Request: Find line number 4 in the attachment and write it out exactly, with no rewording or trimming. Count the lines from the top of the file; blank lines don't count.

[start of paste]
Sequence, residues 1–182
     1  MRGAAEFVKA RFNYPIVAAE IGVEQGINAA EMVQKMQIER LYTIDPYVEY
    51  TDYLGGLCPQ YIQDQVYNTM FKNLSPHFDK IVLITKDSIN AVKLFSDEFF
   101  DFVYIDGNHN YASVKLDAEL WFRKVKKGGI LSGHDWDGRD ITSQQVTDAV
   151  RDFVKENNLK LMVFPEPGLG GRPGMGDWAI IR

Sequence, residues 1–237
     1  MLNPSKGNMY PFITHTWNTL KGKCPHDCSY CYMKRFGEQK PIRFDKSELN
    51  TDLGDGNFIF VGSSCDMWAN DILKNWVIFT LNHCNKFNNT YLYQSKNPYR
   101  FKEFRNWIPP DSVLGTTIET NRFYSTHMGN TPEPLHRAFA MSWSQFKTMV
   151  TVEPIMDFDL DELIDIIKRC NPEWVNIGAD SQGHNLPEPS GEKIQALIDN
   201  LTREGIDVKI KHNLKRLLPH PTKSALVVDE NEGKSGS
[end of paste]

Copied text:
   101  DFVYIDGNHN YASVKLDAEL WFRKVKKGGI LSGHDWDGRD ITSQQVTDAV